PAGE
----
Evaluating Healthful Properties of Cereals and Cereal Fractions by Their Bile-Acid-Binding Potential
T. S. Kahlon. Western Regional Research Center, USDA-ARS, Albany, CA, U.S.A. Cereal Foods World 54(3):118-121.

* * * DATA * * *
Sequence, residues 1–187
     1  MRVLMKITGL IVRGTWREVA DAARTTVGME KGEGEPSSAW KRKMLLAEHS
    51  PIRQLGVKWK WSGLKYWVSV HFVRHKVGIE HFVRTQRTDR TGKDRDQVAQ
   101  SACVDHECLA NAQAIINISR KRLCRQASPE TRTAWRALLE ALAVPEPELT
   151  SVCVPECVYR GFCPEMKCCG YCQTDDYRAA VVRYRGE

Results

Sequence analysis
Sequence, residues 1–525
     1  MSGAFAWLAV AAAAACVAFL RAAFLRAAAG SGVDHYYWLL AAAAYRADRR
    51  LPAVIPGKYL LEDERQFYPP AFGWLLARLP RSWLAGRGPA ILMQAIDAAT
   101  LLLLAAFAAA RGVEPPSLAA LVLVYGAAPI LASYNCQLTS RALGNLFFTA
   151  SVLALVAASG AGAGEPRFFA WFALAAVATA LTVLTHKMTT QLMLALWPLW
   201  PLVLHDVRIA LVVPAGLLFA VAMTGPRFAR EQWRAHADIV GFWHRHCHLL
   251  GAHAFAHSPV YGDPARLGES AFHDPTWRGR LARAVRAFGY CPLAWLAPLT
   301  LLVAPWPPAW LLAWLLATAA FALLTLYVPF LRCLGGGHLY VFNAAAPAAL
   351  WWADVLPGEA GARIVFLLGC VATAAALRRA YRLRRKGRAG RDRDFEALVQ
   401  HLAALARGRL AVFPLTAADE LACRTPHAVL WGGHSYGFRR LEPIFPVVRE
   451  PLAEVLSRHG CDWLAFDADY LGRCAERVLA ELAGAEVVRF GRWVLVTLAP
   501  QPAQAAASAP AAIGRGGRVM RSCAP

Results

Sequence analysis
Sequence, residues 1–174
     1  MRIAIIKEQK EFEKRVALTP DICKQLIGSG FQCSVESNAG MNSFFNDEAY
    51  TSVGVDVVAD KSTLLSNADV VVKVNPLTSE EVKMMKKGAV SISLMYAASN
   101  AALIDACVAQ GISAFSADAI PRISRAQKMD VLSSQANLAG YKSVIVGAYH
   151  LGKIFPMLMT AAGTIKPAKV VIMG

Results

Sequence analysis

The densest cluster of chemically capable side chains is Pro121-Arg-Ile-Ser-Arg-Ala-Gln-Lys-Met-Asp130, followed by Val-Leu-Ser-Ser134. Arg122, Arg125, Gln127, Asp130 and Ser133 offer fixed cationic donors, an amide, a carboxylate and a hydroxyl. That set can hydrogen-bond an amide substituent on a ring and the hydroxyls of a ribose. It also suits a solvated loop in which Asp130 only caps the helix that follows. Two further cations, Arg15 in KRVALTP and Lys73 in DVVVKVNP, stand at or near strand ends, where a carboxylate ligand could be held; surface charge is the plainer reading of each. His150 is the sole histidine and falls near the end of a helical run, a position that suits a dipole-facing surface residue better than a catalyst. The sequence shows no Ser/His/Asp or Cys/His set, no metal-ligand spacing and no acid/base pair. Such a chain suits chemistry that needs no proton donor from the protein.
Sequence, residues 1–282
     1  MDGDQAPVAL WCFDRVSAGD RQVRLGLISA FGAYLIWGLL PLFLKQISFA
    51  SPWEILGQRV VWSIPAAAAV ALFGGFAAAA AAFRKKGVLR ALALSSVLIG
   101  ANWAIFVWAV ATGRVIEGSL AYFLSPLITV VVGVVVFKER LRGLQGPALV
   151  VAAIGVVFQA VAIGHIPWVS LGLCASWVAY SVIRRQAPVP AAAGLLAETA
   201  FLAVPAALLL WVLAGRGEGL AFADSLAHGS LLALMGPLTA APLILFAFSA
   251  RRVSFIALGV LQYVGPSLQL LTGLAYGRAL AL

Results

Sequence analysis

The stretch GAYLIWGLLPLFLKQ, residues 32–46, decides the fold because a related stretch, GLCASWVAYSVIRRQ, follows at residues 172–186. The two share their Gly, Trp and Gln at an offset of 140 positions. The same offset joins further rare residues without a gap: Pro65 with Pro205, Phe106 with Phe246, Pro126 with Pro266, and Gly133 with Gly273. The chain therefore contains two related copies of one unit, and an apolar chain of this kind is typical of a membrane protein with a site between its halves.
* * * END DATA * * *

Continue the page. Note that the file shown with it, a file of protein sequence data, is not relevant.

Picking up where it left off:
An in vitro bile acid binding which does not require the use of labeled isotopes, is a valuable tool for screening food fractions for their healthful potential before animal and human studies are warranted. The healthful, cholesterol-lowering (atherosclerosis amelioration) or detoxification of harmful metabolites (cancer risk reduction) potential of cereals and cereal fractions could be predicted by evaluating their in vitro bile acid binding under physiological conditions. Using equal dry matter per incubation the in vitro bile acid binding relative to cholestyramine (cholesterol-lowering bile acid binding drug) was rice bran 13–25%, wheat bran 16–20%, oat bran 5%, barley 5–6%, and corn bran 3%. Relative bile acid binding of wheat bran by processing could be further enhanced by 6–15%. The mean relative bile-acid-binding values for single grain wheat, oat, rice, and corn cereals were 9.4, 8.6, 2.8, and 2.1%, respectively. Since wheat bran has been shown to lower the risk of cancer, similar bile acid binding of rice bran and wheat bran suggest that rice bran should be tested for its cancer risk reduction.